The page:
older relays that are larger with snap-on covers. Higher or
lower voltage versions can also be employed with a DC
power supply such as a wall wart. If you use a wall wart,
make sure that the unloaded voltage does not exceed
the 18 voltage rating of the CMOS 7555 pump oscillator.
Figure 2A illustrates the cover locks located on each
side of the relay. Two cuts were made on each side of
the relay with a sharp Xacto knife so the cover could
be carefully removed.
Figure 2B illustrates the internal parts of the relay.
The black plastic switch actuator can be carefully
removed with a pair of tweezers or small long nose
pliers. Then, the relay armature can be removed by
pulling it forward from under the golden colored spring
clip. The armature is modified by adding a length of wire
to increase its motion and provide a
place to tie the pendulum string.
A stiff 0.020” diameter steel wire
was used, but almost any wire such as
22 AWG copper wire will work. The wire
can be attached with five minute epoxy
adhesive or soldered in place so that the
wire loop will add 1/2” to the armature
as illustrated in the photo. This will allow
the pendulum mass to be pulled about
A 1/2” wide by 1” long piece of
scrape PCB (printed circuit board)
fiberglass was glued to the relay as a
base with five minute epoxy (illustrated in Figure 5).
Alternately, scrap pieces of plastic about 1/16” thick can
Pendulum Support Arm
The pendulum support arm is made from brass
tubing as shown in Figure 3. Similar tubing can be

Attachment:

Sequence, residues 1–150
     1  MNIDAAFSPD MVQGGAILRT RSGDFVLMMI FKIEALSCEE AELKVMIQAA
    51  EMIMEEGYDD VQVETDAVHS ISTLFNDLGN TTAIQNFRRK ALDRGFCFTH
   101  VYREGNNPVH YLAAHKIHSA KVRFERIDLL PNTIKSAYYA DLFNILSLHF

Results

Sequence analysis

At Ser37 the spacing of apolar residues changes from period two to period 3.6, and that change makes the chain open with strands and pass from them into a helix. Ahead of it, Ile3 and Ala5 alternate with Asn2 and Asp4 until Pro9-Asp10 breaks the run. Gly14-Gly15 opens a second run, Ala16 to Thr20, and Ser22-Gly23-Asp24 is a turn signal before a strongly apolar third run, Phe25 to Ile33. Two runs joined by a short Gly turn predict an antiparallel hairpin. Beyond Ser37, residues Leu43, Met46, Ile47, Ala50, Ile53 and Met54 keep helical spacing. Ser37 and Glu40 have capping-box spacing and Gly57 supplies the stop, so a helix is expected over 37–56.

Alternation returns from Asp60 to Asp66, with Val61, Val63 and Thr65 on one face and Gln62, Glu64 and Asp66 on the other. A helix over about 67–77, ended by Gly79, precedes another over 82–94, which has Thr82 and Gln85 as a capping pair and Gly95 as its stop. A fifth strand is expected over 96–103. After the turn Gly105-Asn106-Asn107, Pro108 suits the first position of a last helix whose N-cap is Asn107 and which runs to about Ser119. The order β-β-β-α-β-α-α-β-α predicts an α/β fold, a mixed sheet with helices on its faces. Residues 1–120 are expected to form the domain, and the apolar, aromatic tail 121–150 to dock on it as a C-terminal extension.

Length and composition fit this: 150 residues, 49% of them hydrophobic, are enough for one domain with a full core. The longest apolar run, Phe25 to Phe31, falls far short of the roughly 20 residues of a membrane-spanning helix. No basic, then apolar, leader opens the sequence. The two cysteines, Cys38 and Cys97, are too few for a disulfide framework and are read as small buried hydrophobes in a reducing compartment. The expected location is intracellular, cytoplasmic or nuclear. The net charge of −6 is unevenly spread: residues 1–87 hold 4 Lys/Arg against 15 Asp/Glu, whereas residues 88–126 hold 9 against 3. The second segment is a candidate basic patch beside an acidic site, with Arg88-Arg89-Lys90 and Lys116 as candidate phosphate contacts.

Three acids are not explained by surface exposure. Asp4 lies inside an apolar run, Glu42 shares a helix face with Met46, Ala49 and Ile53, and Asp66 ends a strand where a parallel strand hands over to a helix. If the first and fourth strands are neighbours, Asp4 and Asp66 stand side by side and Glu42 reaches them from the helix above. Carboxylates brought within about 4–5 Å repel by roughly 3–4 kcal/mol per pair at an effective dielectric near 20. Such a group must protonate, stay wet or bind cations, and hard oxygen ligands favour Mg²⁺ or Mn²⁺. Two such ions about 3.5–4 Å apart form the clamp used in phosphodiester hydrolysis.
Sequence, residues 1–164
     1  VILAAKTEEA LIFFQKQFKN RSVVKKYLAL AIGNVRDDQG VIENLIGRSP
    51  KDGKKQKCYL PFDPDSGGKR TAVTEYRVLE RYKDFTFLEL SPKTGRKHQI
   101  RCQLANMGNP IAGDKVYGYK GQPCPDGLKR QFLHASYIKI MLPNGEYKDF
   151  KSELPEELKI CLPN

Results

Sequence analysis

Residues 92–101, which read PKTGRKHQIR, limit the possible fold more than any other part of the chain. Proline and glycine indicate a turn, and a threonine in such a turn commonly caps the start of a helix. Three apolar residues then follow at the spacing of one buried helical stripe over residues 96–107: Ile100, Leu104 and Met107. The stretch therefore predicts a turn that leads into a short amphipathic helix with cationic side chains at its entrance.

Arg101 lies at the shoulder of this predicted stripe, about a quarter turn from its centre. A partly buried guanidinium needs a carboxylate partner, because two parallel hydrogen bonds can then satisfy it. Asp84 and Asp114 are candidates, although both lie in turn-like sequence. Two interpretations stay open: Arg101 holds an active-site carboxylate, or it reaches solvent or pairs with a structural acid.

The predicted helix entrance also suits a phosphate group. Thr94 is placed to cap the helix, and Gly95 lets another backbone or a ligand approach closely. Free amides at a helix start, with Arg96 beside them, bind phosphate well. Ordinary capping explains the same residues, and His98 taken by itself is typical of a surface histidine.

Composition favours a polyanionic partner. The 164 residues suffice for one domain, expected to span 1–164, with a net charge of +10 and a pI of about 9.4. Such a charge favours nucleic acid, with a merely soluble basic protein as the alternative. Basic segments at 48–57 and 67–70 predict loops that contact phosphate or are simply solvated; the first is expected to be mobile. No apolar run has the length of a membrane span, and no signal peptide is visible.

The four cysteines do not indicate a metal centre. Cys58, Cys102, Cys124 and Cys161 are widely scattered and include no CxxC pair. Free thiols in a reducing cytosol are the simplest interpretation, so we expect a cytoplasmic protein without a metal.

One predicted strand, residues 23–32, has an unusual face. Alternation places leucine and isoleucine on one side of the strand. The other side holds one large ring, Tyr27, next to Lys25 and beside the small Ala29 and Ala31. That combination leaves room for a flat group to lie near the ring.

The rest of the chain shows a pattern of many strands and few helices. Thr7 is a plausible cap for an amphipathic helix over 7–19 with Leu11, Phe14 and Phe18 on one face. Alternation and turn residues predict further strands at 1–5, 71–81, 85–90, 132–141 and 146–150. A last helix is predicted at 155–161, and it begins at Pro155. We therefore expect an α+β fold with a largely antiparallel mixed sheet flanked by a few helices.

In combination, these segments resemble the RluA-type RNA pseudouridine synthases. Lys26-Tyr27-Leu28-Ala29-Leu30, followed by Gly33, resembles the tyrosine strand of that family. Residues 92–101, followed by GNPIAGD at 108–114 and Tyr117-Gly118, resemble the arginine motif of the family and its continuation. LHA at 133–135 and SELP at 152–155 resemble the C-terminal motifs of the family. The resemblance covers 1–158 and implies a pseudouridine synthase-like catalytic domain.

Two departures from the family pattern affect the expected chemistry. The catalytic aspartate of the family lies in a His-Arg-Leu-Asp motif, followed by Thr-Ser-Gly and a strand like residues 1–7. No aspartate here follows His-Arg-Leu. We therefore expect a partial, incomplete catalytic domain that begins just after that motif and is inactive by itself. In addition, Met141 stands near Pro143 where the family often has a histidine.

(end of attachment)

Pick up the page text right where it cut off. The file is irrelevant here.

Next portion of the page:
bought from a hardware or online store. It consists of a
3/32” OD x 0.014” wall brass tube inserted inside a 1/8”
OD x 0.014” wall brass tube for rigidity. The smaller
tubing extends out about 1/8” from the larger tubing at
the bottom, and they are secured together by soldering
the outer ends together. Other tubing such as stainless
steel can be used.
The support should be rigid because one model
employing a single 1/16” OD x 0.014” wall brass tube
failed to work because the support vibrated and damped
any oscillation. This could be demonstrated by holding
the end of the support tube rigidly with a third-hand
alligator clip to observe the pendulum oscillation.
The tubing was bent by hand around a 1-3/4”
diameter glass spice bottle to form a smooth 180° bend.
Any excess tubing can be cut off with a
Dremel cutoff wheel. A 1/2” wide flat
strip of brass with a 1/8” hole was
soldered 1/4” up from the bottom as a
support to the case. Alternately, a metal
washer can be soldered at this point to
act as the support.
The inside of the 3/32” brass tube
was lined by inserting a 0.040” OD x
0.010” wall Teflon tubing inside to
reduce friction and wear. Similar Teflon
tubing can be purchased from online
stores. Alternately, the solid copper
wire can be pulled out from a piece of
Teflon insulated hook-up wire for the
At the upper end of the Teflon, a
piece of 30 AWG copper wire was
38 June 2014
■ FIGURE 3.
■ FIGURE 2B. Actuator conversion.
■ FIGURE 2A.
Relay case removal.
■ FIGURE 4.